Friday, April 09, 2010

The poet below is Ailsing Fox.

I heard her first in 2004, not long after I'd arrived in Dublin in search of something. An 'itch' and poetic kink had led me there, armed with only a photocopy of the final results from a Building Studies and Drama BA, and a bill for several outstanding sums from the student hardship fund I'd been unwilling and unable to repay.

One's exit velocity from Edge Hill University in one's home town of Ormskirk Lancashire, where Seamus Heaney and Paul Muldoon taught from 2001-4, had enough momentum to bowl me, a bicycle and two panniers containing all my worldly goods, onto the now defunct Liverpool–Dublin fast ferry.

I'd decided that researching the bardic history of poetry in Ireland and trying my hand at writing it in Dublin, was the only sensible option for a man with a professional Building Studies qualification and interest in performance who, at 43, was fast approaching middle age.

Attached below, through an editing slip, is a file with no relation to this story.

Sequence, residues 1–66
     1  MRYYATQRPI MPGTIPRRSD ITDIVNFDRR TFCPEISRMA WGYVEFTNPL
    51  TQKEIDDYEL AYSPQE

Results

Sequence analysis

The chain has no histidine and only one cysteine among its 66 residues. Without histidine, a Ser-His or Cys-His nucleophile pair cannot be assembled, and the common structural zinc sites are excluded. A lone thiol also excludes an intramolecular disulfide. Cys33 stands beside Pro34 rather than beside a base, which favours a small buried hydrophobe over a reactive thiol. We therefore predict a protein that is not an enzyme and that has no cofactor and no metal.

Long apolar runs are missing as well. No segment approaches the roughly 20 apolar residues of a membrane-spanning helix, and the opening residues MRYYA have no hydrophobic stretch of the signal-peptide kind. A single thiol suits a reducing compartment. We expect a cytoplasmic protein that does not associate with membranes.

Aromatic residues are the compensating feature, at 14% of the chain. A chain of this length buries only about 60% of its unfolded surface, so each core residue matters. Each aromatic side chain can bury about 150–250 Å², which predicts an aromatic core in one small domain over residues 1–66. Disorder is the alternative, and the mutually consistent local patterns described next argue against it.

I alighted at the North Wall and cycled along the coastal path to my sister's home in Baldoyle: a beachhead from where to launch one's assault upon the literary citadel of Dublin, and float or implode in urban Ireland’s poetry flame HQ.

I met Aisling Fox within the first few weeks, below in the basement of Brogans pub on Dame Street, where Gerry McNamara hosted his Write and Recite poetry night and poets gathered, trumping one another and self-trumping ourselves. Competitive, but in a healthy and natural, Irish way, in which the rational of us being there in the first place, seemed equally mixed between tragedy and the comedic premise that meant one either sunk or swam.

Fox had not been long back from having spent a few years in a Latin country, Cuba I think, and demonstrates her command of Spanish in the video.

A tour de force recital, from a very talented woman at the peak of her live skill.

Unfortunately, one's time in Dublin led me to sink into madness and unhappiness when I realized the competition was just too good for me to ever make it as a professional ditty maker. Luckily, I now work as a university lecturer, teaching Cognotive Assonance to the poetically disabled of America, in Boston and Chicago.

Have a nice day.

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